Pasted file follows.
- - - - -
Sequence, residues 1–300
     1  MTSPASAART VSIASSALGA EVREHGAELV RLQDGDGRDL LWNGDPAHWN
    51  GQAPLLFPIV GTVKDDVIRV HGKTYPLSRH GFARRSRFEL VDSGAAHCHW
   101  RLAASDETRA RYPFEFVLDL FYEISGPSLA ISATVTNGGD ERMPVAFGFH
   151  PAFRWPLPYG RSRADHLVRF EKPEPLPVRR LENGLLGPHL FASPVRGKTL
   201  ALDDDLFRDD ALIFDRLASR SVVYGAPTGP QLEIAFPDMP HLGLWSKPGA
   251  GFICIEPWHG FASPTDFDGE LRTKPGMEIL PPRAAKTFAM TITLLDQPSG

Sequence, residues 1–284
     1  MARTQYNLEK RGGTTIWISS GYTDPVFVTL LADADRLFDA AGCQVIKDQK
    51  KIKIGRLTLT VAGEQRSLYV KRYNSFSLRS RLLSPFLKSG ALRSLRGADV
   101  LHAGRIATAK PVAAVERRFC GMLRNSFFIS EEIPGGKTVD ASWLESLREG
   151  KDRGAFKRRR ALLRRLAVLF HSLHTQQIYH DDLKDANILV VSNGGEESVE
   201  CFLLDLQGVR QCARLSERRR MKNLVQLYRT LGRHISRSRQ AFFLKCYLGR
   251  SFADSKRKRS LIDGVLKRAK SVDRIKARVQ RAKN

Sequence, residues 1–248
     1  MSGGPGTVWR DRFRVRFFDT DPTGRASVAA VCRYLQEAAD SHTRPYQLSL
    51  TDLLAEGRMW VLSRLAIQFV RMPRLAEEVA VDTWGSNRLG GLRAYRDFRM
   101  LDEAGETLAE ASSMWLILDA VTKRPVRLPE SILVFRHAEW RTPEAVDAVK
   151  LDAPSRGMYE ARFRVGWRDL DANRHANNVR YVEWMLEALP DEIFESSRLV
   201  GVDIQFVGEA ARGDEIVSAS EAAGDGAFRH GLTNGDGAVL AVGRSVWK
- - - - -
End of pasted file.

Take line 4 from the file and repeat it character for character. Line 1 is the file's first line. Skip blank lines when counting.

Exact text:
   101  RLAASDETRA RYPFEFVLDL FYEISGPSLA ISATVTNGGD ERMPVAFGFH